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Webinar: Transforming employee wellness through agile and preventive health plans

hr leaders virtual session on transforming employee wellness through agile and preventive health plans

2022 has been a rollercoaster of a year. From a health and well-being perspective, everyone is trying to put their best foot forward. Keeping up with the changing demands of a health-conscious workforce is no easy task! The future is focused on holistic well-being, which covers all aspects of wellness - physical, mental, financial and social.

One area of holistic well-being that is gaining traction is "creating an ecosystem of OPD benefits and preventive healthcare" - which is a vast universe unto itself. The challenges for corporates start with geographical and industry-wise concerns, and then lead into challenges of adoption, implementation and governance to be able to suit the health needs of the relevant workforce.

Is preventive healthcare gaining more prominence based on employee needs in a benefits strategy?

Pragathi K. Achanta (Director HR, AT&T) shares his opinion:

Corporations used to have a simple approach to health and wellness in the workplace, often following the examples of their peers or competitors. They would consider employee feedback and market trends when determining the best approach. However, today, health and wellness has become a much higher priority in the evaluation of employee benefits and total rewards packages.

This is due in part to the growing importance of employer branding and the increasing expectations of job candidates. In order to take the next step, companies should focus on preventive health measures and use predictive analytics to anticipate and address potential health concerns before they become an issue. This approach is similar to the way that companies now use predictive analytics to minimize network downtime, and it can be applied to employee health as well.

How do you create a fine balance while putting together therapeutic and preventive healthcare benefits for employees?

Pratima Gupta (AVP HR, TM-HR Division, Huawei Technologies India) shares her insights:

The concept of total rewards package in today's world is becoming more employee-centric, and as technology evolves, the need for a balance between employee well-being and productivity is becoming increasingly important. Insurance alone is not enough to ensure good health, and there is a need for a mindset shift among employers and employees to focus on implementing healthy habits and addressing gaps in health and wellness strategies.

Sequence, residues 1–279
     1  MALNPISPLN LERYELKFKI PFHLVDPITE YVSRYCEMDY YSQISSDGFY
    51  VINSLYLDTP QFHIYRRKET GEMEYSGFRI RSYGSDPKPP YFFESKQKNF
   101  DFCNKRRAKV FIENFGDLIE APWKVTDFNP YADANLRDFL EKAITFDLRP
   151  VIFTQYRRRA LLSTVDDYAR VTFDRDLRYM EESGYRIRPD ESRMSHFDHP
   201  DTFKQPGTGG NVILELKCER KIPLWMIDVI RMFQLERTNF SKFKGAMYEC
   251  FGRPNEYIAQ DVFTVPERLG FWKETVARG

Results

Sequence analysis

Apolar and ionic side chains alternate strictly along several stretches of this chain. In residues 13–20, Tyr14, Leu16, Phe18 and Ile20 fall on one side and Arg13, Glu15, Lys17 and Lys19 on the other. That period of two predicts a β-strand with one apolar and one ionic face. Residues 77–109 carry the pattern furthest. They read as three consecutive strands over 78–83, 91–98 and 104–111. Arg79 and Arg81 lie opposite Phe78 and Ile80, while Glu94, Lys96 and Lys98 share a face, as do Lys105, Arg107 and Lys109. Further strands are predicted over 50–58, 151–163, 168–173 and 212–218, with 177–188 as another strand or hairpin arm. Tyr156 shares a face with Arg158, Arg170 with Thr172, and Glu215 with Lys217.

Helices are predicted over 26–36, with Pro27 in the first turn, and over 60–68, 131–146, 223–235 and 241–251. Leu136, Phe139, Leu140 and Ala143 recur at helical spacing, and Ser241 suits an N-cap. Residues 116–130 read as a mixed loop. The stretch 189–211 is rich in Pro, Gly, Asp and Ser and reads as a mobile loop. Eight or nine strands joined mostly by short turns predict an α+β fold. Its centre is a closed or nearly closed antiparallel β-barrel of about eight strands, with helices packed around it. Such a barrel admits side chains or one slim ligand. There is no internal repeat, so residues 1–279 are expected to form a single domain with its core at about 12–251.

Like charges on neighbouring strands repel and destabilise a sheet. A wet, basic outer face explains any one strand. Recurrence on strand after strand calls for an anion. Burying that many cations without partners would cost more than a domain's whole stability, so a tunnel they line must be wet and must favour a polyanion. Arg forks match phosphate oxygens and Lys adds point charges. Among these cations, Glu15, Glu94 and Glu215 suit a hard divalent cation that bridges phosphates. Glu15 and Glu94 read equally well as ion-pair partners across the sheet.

The pandemic has highlighted the importance of employee wellness and inclusivity, and the need for a comprehensive, holistic, and integrated solution for employee health and wellness. Employers should aim to measure the health index of their employees before and after implementing such solutions, in order to see improvement in the long term. This has become a top priority for organizations.

Driving the adoption of health and well-being benefits is a fundamental challenge for organizations of all sizes. What's working for you and what could be different?

Pragathi K. Achanta says:

The company has grappled in the past with low utilization rates for employee health checks, and we have tried various strategies to increase participation. We found that incorporating wellness goals into the business targets and goals for the year was effective, as it showed their employees that their health and wellness is important to the company and that they will be tracked against those goals.

Additionally, we found that making the process more convenient, such as through mobile apps and gamifying the process, helped to increase participation. We also noted that bundling different offerings and making it easy to see progress helped. I believe that a combination of multiple strategies is necessary to improve participation.

Pratima Gupta opines:

I agree that Pragathi's team has good strategies in place for employee health and wellness, but I must also note that there is a shift happening in the mindset of companies to prioritize employee well-being. We need to be more proactive in measuring the impact of health and wellness programs. I suggest that, instead of only measuring utilization and satisfaction rates, we should also focus on metrics such as average happiness and health index.

Organizations today should aim to have a more integrated and holistic approach to employee health, including financial well-being, and they should consider a personalized approach based on the diverse workforce they have. In my opinion, technology can help with predictive and analytical insights to aid employers in taking charge of employee health and reducing negative health events.

Do you think organisations could change the way health and well-being benefits are branded, administered, monitored and iterated? Can health and well-being benefits be pitched and treated (internally and externally) almost like an 'investment' to attract and retain talent?

Pratima Gupta shares her insights:

I believe that despite companies implementing various health and wellness initiatives, they are not achieving the desired results. I attribute this to a lack of understanding and urgency around preventive measures and the lack of a mindset shift among employees. To change this, companies need to develop role models who prioritize holistic well-being and have strong leadership buy-in.